A sandy, far cry from va­ca­tion

Maryland Independent - - Classified -

Oh, va­ca­tion­ing with a baby. Or “va­ca­tion­ing” with a baby, that is. In what world did I ex­pect to re­lax with a mag­a­zine and frosty bev­er­age on a sup­posed break? I’m a par­ent now. Those days are gone, gone, gone.

Last week’s trip to the Outer Banks of North Carolina proved that. It was a far cry from the an­nual fam­ily jaunts I en­joyed grow­ing up: you know, back when I was re­spon­si­ble for noth­ing but hastily pack­ing my own san­dals and swim­suit. Just along for the beau­ti­ful ride.

Be­yond hav­ing to now pack half the house into a small car, mov­ing ev­ery­thing around Tetris-style, it was chal­leng­ing to take Oliver out of his fa­mil­iar sur­round­ings. Our 1-year-old loves noth­ing more than crawl­ing away and pulling up on any­thing he can grab. Chairs, win­dows and doors are all pos­si­bil­i­ties, as are vents and slam­ming draw­ers. The more dan­ger­ous, the bet­ter.

Oliver is on the move, friends — and that’s how I’m edg­ing closer to hit­ting my daily 10,000 step goal. While he’s not quite walk­ing, he is a cy­clone of non­stop ac­tion. As the Swif­fer com­mer­cial pro­claims, with this kid? Def­i­nitely no “deep couch sit­ting.” Par­ent­ing a wob­bly tod­dler means al­ways hav­ing one arm out to stop a cu­ri­ous child in their tracks.

And the beach house? Not baby-proofed.

In hind­sight, it was hope­lessly naive to think our first fam­ily va­ca­tion would ac­tu­ally be rest­ful. While we still had many fun mo­ments, Oliver was off his game from the start. The long car ride — and many naps — threw him off-sched­ule, and try­ing to put him down for bed ev­ery night tested the fray­ing edges of our san­ity.

He was in an un­fa­mil­iar place with strange sights, sounds and smells, and I tried to be un­der­stand­ing. Be­fore re­act­ing, I dug deep for a well of pa­tience . . . but, de­pend­ing on the day we’d had, that well may or may not have been dry.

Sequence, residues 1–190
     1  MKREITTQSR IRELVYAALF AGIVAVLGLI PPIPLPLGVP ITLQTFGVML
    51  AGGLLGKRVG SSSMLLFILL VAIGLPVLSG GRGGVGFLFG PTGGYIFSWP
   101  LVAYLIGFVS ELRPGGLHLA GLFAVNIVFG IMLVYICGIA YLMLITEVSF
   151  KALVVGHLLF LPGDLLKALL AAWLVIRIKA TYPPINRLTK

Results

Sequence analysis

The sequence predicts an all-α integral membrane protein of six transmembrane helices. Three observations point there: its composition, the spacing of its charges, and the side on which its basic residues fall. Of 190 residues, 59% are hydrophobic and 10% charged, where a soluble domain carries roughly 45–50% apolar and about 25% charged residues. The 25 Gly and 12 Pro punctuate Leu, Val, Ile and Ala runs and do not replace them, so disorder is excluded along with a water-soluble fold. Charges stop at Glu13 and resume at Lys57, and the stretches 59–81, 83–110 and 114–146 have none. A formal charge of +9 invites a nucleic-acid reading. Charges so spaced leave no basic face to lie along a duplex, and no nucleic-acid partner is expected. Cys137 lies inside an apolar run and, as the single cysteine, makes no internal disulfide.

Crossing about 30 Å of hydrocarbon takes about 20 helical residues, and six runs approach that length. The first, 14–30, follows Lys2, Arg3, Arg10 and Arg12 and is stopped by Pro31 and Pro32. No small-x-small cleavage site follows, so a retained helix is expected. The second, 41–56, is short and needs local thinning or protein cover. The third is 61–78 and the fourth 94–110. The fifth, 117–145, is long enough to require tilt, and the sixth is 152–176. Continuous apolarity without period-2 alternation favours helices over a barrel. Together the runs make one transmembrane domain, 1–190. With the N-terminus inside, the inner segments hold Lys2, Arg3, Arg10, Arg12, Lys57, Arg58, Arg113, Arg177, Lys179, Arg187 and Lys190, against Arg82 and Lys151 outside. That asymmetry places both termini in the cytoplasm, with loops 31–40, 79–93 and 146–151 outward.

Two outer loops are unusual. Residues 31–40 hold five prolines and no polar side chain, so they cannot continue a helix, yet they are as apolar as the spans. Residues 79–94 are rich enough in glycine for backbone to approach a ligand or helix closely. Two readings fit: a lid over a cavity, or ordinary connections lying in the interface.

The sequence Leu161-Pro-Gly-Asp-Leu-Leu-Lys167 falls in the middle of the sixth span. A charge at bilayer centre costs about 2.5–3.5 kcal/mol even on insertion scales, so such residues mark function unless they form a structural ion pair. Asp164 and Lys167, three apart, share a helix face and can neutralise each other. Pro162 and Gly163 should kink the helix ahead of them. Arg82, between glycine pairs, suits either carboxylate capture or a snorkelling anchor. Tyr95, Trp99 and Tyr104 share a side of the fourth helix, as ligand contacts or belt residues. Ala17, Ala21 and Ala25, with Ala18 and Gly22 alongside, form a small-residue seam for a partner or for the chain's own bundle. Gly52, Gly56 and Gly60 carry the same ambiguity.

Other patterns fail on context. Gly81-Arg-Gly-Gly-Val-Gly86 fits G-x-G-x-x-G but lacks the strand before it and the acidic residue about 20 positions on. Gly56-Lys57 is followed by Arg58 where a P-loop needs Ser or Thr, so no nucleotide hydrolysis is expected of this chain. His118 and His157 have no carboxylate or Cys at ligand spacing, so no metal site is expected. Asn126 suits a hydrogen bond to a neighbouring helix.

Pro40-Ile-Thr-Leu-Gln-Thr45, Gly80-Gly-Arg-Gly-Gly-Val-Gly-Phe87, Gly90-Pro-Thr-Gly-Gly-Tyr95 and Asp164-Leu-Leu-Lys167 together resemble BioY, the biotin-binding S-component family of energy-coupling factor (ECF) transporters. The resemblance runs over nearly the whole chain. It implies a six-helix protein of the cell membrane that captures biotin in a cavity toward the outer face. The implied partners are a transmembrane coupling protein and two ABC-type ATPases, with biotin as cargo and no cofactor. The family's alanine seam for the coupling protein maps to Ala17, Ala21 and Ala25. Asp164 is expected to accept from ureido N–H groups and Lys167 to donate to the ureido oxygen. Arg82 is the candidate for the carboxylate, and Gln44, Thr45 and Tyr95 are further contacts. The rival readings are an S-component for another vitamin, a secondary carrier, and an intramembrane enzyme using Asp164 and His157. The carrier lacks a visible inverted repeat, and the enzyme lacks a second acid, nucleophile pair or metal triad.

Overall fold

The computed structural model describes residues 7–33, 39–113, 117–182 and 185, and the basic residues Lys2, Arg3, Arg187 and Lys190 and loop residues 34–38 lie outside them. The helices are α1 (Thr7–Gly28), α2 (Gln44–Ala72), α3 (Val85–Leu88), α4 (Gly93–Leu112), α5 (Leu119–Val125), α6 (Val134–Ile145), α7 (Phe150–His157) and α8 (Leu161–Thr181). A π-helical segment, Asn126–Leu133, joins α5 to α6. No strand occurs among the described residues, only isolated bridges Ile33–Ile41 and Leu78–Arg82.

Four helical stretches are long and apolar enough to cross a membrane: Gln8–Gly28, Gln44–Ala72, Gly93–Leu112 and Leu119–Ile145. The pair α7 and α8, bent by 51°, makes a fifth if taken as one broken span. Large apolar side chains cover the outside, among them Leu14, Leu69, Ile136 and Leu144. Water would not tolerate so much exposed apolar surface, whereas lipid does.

It’s hard when the scream­ing starts. Cou­pled with a cough that be­gan al­most as soon as we ar­rived in Kill Devil Hills, N.C., poor Ol­lie was just not him­self. Most of our trip was spent driv­ing aim­lessly so he could get some much-needed rest. Oliver would only sleep in his car seat.

But this was our first beach trip as a fam­ily, and I was de­ter­mined to en­joy it. Even with the cough­ing and sneez­ing, ex­haus­tion, rain and un­sea­son­ably chilly tem­per­a­tures. Even with a pierc­ing 5 a.m. fire alarm that dragged ev­ery­one in the build­ing out in their pa­ja­mas (false alarm). Even while hav­ing to wres­tle a tod­dler who did not want to be con­fined in a stroller or high chair, mean­ing we all took turns eating to keep Oliver from crawl­ing over to steal some­one’s crab legs.

It can be hard for me to dis­con­nect on va­ca­tions . . . but not this time. I didn’t re­ally have a choice. When we weren’t ply­ing Oliver with food and fa­vorite books from home, we were hov­er­ing be­hind as he tried to scale walls and pluck crumbs off the floor. Par­ent­hood is noth­ing if not glam­orous.

It wasn’t the va­ca­tion I’d imag­ined, but it was still great to spend time with my par­ents, sis­ter, brother-in-law and grand­par­ents. Hav­ing four gen­er­a­tions to­gether was a rare treat, and we tried to make the best of the weather and cir­cum­stances.

When the rain fi­nally broke last Tues­day, our first warm and sunny day of the trip, we suited up and schlepped our stuff down to the shore. I slathered my unim­pressed son with sun­screen and ea­gerly gath­ered with the fam­ily to watch his re­ac­tion to the At­lantic Ocean. Which was . . . mixed. As I’d sus­pected, he wasn’t pleased by the sand. The roar of the waves made him cover his head. But Ol­lie was cap­ti­vated by his dad’s sand­cas­tle-mak­ing skills, and the plas­tic shovel ac­com­pa­ny­ing his bucket was a hit.

It’s funny to con­sider the world from a baby’s per­spec­tive: how bright and strange it must seem. The beach is a hot, gritty place filled with sharp ob­jects and sweaty, sleepy peo­ple. But oh, we love it so: a place of peace. Tran­quil­ity. Fun.

When Oliver is some­day com­ing from a nine-to-five, wor­ry­ing about a mort­gage and slather­ing his own fussy baby with sun­screen, well . . . he’ll get the al­lure, too.

Un­til then, I’m dig­ging deep for that pa­tience as we fol­low him around. Some­day he won’t need or want us to wipe sand from his lit­tle hands, so I’d bet­ter hold them as long as I can.

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